Should Right-Wing Parties Quit?

Arutz-7 radio yesterday hosted an exchange between two leaders of the "national camp" regarding the question of whether or not right-wing parties should quit the coalition in light of government policies.

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Pinchas Wallerstein, long-time Binyamin Regional Council head, began by saying: "It's quite clear that Sharon cannot be influenced from within, so it's time to do it from without." He first explained the economic problems: "It was Chaim Ramon, of all people [a Labor member], who, when he was Interior Minister, told us that even though ‘we have to evacuate or deport you from here, we don't have to torture you’ - and he was the first one to give us some benefits of a front-line community. Now along comes Shinui's Interior Minister, Avraham Poraz, and removes all these benefits and tax breaks, even while those in the Galilee remain. [Residents of many parts of the Galilee receive 13% tax breaks, while the 5-7% cuts in Judea, Samaria and Gaza (Yesha) have just been rescinded.] The right-wing MKs have not succeeded in nullifying this decree, and others. But the bottom line is that the problem is not financial; the public simply does not take the whole situation very seriously, no matter how serious it really is, when they see that the National Union and the NRP are in the coalition. They think all our protests and complaints are just for show, and that it really can't be all that bad."

Tzvi Hendel, of the National Union party, responded: "The dilemma that he presents is a real one. To my mind, the question boils down to this: Is there still a chance to bring this government to turn to the right, or not? We have had several meetings with right-wing Likud MKs, who come running to us whenever they hear that there's a chance that we might quit the coalition; they come running to us and ask us not to. They say that if we leave, then all their efforts to persuade a minister or two to vote in favor of a right-wing position [will fail] - if our seats in the government are filled by Labor…. The vote on the release of prisoners was relatively close; and I believe that when a more extreme proposal to release terrorists with blood on their hands comes up, I believe that our hard work talking to each individual minister will pay off."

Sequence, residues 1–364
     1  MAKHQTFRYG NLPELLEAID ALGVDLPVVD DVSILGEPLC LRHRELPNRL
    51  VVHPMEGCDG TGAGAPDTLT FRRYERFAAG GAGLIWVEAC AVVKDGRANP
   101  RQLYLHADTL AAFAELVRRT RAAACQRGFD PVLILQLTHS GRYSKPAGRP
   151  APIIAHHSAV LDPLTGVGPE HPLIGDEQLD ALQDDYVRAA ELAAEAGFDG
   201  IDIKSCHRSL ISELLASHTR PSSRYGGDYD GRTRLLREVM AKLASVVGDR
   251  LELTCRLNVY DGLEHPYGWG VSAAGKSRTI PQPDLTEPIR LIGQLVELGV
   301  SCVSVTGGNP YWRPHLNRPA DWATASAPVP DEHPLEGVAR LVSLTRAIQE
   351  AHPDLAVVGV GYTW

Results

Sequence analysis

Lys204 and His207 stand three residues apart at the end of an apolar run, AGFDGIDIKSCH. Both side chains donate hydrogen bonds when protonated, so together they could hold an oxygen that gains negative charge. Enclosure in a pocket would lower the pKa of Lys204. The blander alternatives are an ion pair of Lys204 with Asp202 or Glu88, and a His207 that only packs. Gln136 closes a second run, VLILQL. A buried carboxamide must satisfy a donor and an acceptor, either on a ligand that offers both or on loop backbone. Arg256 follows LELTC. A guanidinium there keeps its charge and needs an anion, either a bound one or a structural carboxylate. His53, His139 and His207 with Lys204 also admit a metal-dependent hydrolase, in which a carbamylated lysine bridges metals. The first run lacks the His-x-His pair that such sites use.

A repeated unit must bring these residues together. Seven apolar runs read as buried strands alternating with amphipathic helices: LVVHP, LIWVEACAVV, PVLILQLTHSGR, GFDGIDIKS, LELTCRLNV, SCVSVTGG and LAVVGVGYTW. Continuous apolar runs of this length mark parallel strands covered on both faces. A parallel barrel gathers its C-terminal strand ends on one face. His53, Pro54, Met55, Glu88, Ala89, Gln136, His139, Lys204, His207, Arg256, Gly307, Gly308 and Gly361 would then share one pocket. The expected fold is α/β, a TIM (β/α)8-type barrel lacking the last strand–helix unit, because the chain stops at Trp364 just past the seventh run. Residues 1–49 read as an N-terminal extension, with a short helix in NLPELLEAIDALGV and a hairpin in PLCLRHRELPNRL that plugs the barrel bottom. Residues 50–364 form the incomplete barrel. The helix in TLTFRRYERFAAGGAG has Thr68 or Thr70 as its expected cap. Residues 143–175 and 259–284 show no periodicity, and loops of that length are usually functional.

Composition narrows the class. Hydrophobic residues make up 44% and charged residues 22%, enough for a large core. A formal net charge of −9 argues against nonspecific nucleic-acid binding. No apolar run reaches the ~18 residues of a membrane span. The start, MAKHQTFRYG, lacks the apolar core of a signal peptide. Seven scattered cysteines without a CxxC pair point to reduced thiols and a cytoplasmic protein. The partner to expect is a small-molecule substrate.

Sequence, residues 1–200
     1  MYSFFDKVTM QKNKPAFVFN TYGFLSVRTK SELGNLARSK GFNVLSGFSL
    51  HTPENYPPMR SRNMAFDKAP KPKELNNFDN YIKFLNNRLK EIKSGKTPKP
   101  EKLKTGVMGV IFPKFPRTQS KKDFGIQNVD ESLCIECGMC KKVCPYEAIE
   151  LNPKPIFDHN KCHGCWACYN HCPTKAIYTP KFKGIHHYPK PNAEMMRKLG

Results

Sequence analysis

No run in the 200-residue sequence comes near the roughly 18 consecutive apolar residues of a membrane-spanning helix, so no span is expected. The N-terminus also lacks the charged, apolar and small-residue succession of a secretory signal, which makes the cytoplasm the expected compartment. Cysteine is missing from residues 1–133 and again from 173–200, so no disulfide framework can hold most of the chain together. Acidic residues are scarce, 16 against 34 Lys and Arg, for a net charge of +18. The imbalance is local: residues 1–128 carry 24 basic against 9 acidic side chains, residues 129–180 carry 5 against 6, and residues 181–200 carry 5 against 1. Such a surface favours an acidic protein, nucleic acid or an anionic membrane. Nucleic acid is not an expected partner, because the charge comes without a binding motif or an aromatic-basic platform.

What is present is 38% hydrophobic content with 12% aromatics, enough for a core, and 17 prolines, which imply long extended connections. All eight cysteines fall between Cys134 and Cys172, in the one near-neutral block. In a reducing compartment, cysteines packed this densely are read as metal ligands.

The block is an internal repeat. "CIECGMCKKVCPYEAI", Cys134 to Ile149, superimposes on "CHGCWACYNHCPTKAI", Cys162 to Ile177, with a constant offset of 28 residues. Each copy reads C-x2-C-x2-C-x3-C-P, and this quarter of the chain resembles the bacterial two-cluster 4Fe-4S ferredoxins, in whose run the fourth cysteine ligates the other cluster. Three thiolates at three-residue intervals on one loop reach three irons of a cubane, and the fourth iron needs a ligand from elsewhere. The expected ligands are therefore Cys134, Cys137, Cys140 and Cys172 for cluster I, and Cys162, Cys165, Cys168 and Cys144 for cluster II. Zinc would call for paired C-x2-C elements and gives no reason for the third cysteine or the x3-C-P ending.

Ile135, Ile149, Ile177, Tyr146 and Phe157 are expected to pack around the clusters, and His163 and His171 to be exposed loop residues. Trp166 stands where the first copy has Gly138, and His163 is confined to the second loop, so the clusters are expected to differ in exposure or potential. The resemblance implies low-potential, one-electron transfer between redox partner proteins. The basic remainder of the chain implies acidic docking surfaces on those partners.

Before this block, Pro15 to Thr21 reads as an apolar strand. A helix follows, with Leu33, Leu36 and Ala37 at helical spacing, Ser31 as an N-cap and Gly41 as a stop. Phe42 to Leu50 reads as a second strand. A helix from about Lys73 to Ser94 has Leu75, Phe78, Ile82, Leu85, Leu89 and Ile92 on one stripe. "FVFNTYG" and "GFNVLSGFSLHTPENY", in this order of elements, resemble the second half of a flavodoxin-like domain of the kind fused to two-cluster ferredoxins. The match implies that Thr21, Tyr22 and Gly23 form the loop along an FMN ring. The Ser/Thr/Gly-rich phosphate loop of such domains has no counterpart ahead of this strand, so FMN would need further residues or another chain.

Wallerstein: "I believe that we have passed the threshold already.... I believe that the time will come soon when we won’t even have caravans to offer to the new families who come to live here - something that has never happened before! - and then my friend Tzvi Hendel will agree with me that the time has come to quit the coalition."

Hendel: "You said that because we're in the government, it's hard to rile up the public to protest against the government policies. I would say, however, that with all my admiration for my party and the NRP and their MKs, the main reason - I would say 80% - why the right-wing public doesn’t protest is because of Arik Sharon! Because the Likud is in power, the public thinks that whatever it does is okay. Our quitting the government will not bring out the hundreds of thousands that came out to protest in the past, because it will still be a Likud government! …I know that we are being damaged politically by remaining in the government, but my concern is not to collect points, but to stop the establishment of a Palestinian state. And I know that, while I have no chance of doing this from without, I can do it a little bit at a time from within."

Wallerstein: "I accept your analysis of the 80%, but I say that if we want to start a process, then we have to start even with just 20%. With you guys inside, the public is confused, and assumes that you agree with the Road Map and the rest, and no public protest can get started. I know that you don't agree with the Road Map, but the public simply does not know what's going on: are we in favor of a partition, or not? Natural growth or not? Temporary PA state? etc."

Hendel noted that 40 million of the 75 million shekels originally allocated to the Judea, Samaria and Gaza regional councils has already been returned. "I have no doubt," he said, "that the rest will also be restored. Everything is accomplished with difficulty, that's all."